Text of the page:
A. Hi Rebecca,
Alodine 1201 contains hexavalent chromium compounds, which are very good at staining, especially light colored topcoats. If you are concerned about staining you should mask around the rework area with a suitable masking tape and then treat the area, that way the Alodine will not come into contact with the topcoat.
Aerospace - Yeovil, Somerset, UK
September 9, 2015
Q. Dear All,
I have aluminum parts (both A360 diecasted & 6061), already chromated and partially white powder coated. Now I need to rework the surface with chromate.
1) If I soak the entire part for chromating, will it affect the powder coat when put into 48 hours salt fog test? Is there a chemical reaction that might weaken the powder coat finishing?
2) Can I do above without grinding off the first coat of chromate? What will happen?
Thanks so much for your advice.
- Western Australia
A. Hi David. I have seen production situations where parts which needed to be partially powder coated & partially chrome plated were selectively powder coated first; then the finish powder coating was used as the maskant for the entire chrome plating process, which included electrocleaning, cyanide-based strikes, and hexavalent chrome plating. So some powder coatings can certainly easily stand up to immersion in a chromate conversion coating tank.
Unfortunately, the issue is that we don't know whether your powder coating will. The only real answer is that it is not hopeless, so you should not dismiss it without trying it :-)
Because it is generally okay to selectively "touch up" chromate conversion coating, in which case you would have chromate on top of chromate in the overlap zone, I doubt that you need to remove the earlier chromate in the absence of a spec that says you must.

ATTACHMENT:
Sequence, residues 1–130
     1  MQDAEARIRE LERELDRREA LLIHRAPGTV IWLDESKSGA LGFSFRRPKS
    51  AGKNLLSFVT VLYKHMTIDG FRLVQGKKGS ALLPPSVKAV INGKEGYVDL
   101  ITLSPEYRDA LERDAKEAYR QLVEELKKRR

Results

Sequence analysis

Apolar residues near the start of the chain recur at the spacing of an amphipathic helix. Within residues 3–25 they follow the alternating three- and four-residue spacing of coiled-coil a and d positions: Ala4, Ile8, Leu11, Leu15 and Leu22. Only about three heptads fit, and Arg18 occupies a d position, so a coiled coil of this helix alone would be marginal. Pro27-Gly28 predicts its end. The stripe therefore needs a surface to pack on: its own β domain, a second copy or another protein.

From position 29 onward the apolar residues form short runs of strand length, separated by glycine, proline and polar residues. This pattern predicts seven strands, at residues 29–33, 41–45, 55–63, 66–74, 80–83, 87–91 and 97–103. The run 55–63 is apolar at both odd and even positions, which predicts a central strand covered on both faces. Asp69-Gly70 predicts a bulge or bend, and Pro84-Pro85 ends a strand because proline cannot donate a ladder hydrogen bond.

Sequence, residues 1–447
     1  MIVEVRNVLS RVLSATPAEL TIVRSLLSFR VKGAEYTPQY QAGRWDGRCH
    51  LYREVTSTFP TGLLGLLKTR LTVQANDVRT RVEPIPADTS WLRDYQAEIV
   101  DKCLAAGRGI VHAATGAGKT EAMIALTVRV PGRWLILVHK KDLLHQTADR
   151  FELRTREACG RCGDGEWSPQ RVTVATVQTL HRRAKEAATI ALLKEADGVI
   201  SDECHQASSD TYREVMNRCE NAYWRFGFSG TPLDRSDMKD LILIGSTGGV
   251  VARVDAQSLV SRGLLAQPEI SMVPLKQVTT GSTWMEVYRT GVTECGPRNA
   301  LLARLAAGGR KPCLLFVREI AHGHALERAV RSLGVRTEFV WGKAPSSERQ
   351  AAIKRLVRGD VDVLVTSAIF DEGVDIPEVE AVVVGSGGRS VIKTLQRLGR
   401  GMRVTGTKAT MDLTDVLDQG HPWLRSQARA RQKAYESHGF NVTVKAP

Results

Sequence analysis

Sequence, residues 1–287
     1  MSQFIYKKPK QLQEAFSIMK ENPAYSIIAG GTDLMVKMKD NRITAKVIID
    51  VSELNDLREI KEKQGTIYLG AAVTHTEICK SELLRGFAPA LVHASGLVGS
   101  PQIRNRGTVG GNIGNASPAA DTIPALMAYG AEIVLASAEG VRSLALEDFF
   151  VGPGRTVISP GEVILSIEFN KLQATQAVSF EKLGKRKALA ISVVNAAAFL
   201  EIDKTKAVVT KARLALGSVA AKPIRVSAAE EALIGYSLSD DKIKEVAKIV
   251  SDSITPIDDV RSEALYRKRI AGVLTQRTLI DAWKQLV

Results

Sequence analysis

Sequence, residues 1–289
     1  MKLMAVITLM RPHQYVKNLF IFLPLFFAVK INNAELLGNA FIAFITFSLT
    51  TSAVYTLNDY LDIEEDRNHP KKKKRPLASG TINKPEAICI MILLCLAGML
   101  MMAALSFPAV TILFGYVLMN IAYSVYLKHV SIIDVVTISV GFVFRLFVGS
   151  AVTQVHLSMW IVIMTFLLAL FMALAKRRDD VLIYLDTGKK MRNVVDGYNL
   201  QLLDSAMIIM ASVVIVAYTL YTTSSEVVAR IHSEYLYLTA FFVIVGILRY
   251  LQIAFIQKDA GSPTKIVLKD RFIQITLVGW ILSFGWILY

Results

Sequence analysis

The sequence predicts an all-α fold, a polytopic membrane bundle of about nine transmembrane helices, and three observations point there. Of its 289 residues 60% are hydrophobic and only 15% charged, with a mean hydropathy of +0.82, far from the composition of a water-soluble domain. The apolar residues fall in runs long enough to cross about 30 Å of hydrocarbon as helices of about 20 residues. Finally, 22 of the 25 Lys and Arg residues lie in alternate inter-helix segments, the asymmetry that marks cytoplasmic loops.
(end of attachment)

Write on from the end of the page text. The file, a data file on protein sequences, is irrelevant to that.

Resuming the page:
Ted Mooney, P.E.
Pine Beach, New Jersey
September 10, 2015
A. Well this is a different question.
A true Chromate process will involve multiple steps:
(1) Caustic wash (this will degrade the existing powdercoat)
(2) Rinse (no problem)
(3) Acid etch (this will degrade the existing powdercoat)
(4) Rinse (no problem)
(5) Chromate ( I cannot see a problem)
(6) Rinse (no problem)
(7) Overflowing DI rinse (no problem)
(8) Halo DI zero microsiemens spray rinse (no problem)
Hope this helps,
Trainer - Newcastle NSW Australia
September 14, 2015
Thanks so much for sharing your inputs. I've done the followings and sharing my results on both A360 (die-casted) & AL6061.
1) Re-chromated with Trivalent: Only rinsed with water and soaked entire product without removing 1st layer of chromate or pre-treatment (acid wash) for about 8 minutes (pH @ 4.5).
2) Salt-Fog Tested: Both chromate and powder-coat passed 48 hrs salt-fog test. Do not see any reaction on the powder coat. No fading/peeling/bubble on surface. So far the tested product has been more than 72 hours and it still looks good.
Hope this helps with those who need to rework the same.
- Western Australia
This public forum has 60,000 threads. If you have a question in mind which seems off topic to this thread, you might prefer to Search the Site